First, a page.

The specialist refuse collection vehicles that collect rubbish bins are an essential tool to manage the flow of waste from households and businesses across the country. As commercial vehicles, they are mounted with multiple specialist components, including body – which sometimes includes multiple compartments – and hydraulically-actuated components including compactor, ejector unit and bin-lift (above, Mid and East Antrim Borough Council’s nine new Mercedes-Benz Econic 2630Ls have Dennis compactor bodies and Terberg bin-lifts). Layers of safety-related equipment protects workers from harm during operations and maintenance.
Part of the point of this project was to integrate all of the guidance and information available from suppliers that normally work independently, says working group member Chris Grime, national fleet manager at Veolia. He recalls that these meetings were the first time that bodybuilder Dennis Eagle had discussed inspection, maintenance and repair with bin lift OEM Terberg. Bringing them together helps ensure that operators are taking a holistic approach.
Grime states: “We have quite a number of chassis manufacturers and maintenance providers who are at ease in maintaining chassis, even on a contract maintenance basis. But when it comes to the body, few organisations offer that detail.”
The Best Practice Guide is intended to help make sure operators are aware of RCVs’ particular care requirements, to ensure consistent levels of maintenance across the UK. “Manufacturers’ guidance is not weak. It is there. But I’m not sure that everyone is actually picking it up and using it,” he adds.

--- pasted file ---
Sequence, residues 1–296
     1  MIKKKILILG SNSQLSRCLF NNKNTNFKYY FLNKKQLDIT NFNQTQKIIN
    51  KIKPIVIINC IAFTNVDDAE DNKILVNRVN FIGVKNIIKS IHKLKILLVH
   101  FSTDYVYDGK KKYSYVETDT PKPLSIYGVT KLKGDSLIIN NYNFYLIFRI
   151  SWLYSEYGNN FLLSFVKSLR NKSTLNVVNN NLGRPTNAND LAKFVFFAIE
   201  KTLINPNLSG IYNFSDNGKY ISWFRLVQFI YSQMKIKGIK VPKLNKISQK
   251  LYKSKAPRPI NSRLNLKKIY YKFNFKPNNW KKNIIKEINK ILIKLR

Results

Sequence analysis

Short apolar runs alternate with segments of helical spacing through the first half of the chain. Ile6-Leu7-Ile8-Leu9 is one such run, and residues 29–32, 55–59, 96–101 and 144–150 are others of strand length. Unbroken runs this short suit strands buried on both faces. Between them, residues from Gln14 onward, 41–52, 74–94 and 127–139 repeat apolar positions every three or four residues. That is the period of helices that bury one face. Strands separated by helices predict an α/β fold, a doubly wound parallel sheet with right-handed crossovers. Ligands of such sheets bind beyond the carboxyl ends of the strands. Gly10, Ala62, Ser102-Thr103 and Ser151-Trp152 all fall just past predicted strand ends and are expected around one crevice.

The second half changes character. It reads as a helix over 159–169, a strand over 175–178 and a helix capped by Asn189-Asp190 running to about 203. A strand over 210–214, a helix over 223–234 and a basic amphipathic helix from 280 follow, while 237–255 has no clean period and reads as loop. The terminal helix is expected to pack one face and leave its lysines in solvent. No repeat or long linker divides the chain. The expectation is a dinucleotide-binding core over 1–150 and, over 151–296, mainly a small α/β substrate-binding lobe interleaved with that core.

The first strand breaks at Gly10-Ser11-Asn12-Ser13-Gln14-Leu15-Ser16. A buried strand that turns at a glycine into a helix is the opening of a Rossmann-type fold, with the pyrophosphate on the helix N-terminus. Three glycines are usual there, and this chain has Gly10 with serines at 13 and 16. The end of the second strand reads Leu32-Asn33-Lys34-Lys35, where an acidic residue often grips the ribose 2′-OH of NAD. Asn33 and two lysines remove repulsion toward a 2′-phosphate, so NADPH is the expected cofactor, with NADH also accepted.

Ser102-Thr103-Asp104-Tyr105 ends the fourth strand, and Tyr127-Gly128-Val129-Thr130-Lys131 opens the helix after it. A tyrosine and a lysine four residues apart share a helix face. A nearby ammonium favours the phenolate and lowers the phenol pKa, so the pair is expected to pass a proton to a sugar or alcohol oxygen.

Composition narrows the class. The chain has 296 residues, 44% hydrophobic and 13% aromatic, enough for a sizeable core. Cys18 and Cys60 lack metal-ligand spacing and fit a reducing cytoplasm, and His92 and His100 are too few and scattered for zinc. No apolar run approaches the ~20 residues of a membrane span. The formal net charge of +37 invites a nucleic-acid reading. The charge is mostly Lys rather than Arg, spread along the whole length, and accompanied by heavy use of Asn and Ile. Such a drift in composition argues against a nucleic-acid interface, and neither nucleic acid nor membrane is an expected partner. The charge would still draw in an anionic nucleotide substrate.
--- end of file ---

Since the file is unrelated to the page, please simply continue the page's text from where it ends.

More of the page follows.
Fellow working group member John Eastman, IRTE council chairman, himself a former fleet engineer at a large RCV operator, says that he is concerned that some operators exclude some safety-related items from drivers’ checklists. “Some operators might take shortcuts, but there is too much safety-related equipment. These are bits of kit to be respected and to be worked properly.”
RCVs are not just operated by large waste management companies that have their own workshops, but also by smaller operators and subcontractors, points out Grime. Do they know, for example, that bin lifts are required by law to have an annual thorough examination by a competent person under LOLER (Lifting Operations and Lifting Equipment Regulations 1998)?
Faulty safety equipment threatens everyone working around an RCV, in operations and in maintenance. To empty a full RCV, for example, hydraulic rams swing the bin lift up and over the rear opening, and the ejector plate pushes out the contents. Once it is empty, the bin lift can be lowered again with a single button press. At a metre above the bottom of the stroke, the motion cuts out, and requires the operator to press and hold two buttons to complete the closure. This feature protects the operator by keeping both arms out of the way of the ever-diminishing gap between the back of the body and the bin lift frame. Grime adds: “It’s really important that people understand what the 1m stop is, and check on a daily basis that it works.”
The best practice guide, which includes a sample inspection document, is due to be completed by the end of the year.